Tuesday, Nov 29, 2022

Explained: Why Punjab, Haryana farmers are upset about paddy procurement delay

Farmers in both states have announced an agitation; in Haryana they said that they would gherao the homes of BJP leaders and take paddy-laden tractor trolleys there.

Paddy transplantation in Talhan village, Jalandhar. (Express Photo: Anju Agnihotri Chaba)

The Centre has postponed paddy procurement from October 1 to October 11 in Punjab and Haryana, on the ground that heavy rainfall in these two states has delayed maturity of paddy and left the moisture content in fresh arrivals beyond the permissible limit. Farmers in both states have announced an agitation; in Haryana they said that they would gherao the homes of BJP leaders and take paddy-laden tractor trolleys there.

How much paddy have the two states grown?

The official dates for paddy sowing this year were June 10 in Punjab and June 15 in Haryana. This year, around 31 lakh hectares has come under paddy (non-basmati parmal rice) in the two states — around 25- 26 lakh hectares in Punjab and the rest in Haryana — and nearly 11-12 lakh hectares under basmati rice, including 4.61 lakh hectares in Punjab. Only the paddy crop is procured by the government on minimum support price, while basmati is purchased by private players/basmati exporters in both states.

At what time should the crop ideally mature?

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Today, farmers opt for any of several short-duration varieties that offer high yield. Farmers mainly in Punjab prefer varieties that mature in 93 to 110 days — excluding a nursery period of 25-20 days when seeds are grown into young plants and then transplanted to the fields from the date fixed (June 10 and June 15). The shorter varieties will have started maturing by the end of September.

According to Punjab Agriculture University (PAU), Ludhiana, over 70% of the paddy area in Punjab is under short-duration varieties now, with very little area under traditional varieties such as PUSA-44 that mature in 160 days.

Also, a combined around 6 lakh hectares in the two states is under direct seeding of rice (DSR). Although the formal date of DSR sowing was June 1, farmers sowed after May 20 itself, because DSR does not require a puddling process as well as stagnant water in the field at least for three weeks after sowing.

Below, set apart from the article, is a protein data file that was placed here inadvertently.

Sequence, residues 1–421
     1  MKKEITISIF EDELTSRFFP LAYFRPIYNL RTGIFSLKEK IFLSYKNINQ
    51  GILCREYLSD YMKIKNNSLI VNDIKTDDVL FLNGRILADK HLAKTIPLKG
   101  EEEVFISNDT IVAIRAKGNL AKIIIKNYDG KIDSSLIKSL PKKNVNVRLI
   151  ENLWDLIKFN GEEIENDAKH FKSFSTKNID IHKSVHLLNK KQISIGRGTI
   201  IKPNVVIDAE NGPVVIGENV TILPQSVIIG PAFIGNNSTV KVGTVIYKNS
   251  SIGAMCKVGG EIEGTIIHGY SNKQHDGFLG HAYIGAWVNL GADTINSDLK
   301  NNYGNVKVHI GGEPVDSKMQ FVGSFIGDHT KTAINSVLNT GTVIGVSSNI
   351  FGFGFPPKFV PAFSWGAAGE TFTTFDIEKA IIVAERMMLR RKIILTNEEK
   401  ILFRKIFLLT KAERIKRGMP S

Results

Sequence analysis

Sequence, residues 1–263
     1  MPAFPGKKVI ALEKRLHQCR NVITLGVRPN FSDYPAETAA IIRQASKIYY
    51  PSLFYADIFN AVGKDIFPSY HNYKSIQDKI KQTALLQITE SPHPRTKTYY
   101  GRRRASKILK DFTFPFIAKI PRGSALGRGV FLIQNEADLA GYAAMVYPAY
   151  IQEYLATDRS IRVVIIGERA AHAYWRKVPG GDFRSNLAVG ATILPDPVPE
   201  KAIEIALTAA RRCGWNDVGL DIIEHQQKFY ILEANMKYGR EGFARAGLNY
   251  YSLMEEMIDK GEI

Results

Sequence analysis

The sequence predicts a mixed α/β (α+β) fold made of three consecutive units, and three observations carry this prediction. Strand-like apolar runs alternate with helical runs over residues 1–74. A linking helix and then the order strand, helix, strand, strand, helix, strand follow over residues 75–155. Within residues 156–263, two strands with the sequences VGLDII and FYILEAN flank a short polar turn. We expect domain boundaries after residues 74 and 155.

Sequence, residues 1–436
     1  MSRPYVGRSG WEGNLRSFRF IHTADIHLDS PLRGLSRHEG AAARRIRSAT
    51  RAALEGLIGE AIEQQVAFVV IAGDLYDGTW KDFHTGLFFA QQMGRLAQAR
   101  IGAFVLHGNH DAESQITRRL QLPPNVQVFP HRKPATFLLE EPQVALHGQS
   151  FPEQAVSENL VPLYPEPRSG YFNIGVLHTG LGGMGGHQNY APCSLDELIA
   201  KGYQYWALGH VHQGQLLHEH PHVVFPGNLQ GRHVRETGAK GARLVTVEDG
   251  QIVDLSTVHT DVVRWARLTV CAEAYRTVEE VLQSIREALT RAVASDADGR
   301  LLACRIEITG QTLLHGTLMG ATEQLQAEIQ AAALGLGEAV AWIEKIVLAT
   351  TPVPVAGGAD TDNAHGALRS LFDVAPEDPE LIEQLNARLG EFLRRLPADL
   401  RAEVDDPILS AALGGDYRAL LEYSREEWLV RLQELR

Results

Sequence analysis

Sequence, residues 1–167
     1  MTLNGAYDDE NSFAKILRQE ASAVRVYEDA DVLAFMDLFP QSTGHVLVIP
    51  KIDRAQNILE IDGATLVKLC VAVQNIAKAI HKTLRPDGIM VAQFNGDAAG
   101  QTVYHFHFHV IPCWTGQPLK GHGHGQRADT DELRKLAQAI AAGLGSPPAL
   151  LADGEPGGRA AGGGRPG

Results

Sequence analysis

Why are farmers upset with the government move?

If farmers delay harvesting of already ripened crop by 11 days, the grain will fall from the panicle and the yield will go down. And if they sell it to private players, they will not be paid at the MSP of Rs 1,960 per quintal. Not many farmers have the capacity to store all their rice after harvesting it on time.


“By delaying procurement, the government wants farmers to sell already ripened crop to private players first, and only then will it enter the market,” said Jagmohan Singh, general secretary, Bharti Kisan union (BKU), Dakaunda. He noted that paddy procurement had never been delayed in the past, even after heavy rains in the entire first week of October in 2019.

Farmer Kirandeep Singh from Attari village in Amritsar said, “All my paddy on 16 acres is ready to harvest and I was waiting for October 1 to come. Now I am confused, because delayed harvesting would cause a loss of yield, and a private player offered me just Rs 1,500-1,600 per quintal, a loss of Rs 460-360 per quintal compared to MSP.”

Jagdeep Singh of Sangrur district said potato and green pea sowing, too, will be delayed as these are sown in the first week of October after paddy harvesting.


When all short- and long-duration varieties, which too will mature by October 15, reach the mandis on October 11, there would be a glut and hardly any place to keep the crop. Even when procurement follows the normal schedule, there are days when the mandis witness a glut.

What could be the post-harvesting complications?

Delayed procurement raises concerns about increased stubble burning this year. This is because farmers, who get only 20 to 25 days between paddy harvesting and wheat sowing to manage the paddy stubble during normal procurement time, will get only 9-15 days this.

To manage the stubble from over 3 million hectares in this time is just impossible, many of them said. Paddy harvesting takes 20 to 25 days and if farmers start it on October 11, it will stretch into the beginning of November.

The ideal time of wheat sowing is from November 1 to 15, and planting for normal varieties should not be done later than November 25. To clear the fields for wheat sowing, farmers are certain to go for burning of the paddy stubble, which stands 12 to 15 inches in the fields after harvesting.

First published on: 02-10-2021 at 04:05:47 am
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